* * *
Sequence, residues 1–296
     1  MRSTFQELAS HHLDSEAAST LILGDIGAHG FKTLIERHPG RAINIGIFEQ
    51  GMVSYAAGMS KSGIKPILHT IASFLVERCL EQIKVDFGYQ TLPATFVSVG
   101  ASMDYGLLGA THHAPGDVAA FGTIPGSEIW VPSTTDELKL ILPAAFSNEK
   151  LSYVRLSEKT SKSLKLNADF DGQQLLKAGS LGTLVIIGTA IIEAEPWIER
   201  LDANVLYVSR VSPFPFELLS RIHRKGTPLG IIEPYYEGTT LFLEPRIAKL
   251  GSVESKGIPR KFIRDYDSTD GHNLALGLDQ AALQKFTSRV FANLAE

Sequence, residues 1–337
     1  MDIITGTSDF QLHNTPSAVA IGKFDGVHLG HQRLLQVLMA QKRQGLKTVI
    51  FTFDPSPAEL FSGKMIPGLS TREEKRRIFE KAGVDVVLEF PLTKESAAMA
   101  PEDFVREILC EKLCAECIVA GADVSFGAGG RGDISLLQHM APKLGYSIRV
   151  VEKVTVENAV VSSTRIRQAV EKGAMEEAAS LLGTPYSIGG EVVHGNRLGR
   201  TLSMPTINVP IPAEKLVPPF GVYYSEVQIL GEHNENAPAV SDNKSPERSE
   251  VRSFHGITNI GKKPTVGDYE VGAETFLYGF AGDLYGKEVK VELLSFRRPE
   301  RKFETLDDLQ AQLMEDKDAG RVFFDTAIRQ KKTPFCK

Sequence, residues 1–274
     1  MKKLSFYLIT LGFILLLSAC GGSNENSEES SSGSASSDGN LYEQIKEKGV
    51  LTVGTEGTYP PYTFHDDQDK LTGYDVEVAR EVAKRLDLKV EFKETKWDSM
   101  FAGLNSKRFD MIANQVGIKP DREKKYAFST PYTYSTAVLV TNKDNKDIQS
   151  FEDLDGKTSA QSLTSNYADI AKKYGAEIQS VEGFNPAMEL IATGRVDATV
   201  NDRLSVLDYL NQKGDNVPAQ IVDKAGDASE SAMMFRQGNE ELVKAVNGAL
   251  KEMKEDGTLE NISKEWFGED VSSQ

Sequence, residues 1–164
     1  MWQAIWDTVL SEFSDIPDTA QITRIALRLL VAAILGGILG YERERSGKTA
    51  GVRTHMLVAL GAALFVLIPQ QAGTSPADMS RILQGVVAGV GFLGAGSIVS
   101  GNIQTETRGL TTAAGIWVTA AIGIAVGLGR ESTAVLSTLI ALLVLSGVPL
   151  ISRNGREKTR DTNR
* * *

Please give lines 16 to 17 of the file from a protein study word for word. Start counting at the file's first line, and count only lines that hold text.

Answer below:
Sequence, residues 1–274
     1  MKKLSFYLIT LGFILLLSAC GGSNENSEES SSGSASSDGN LYEQIKEKGV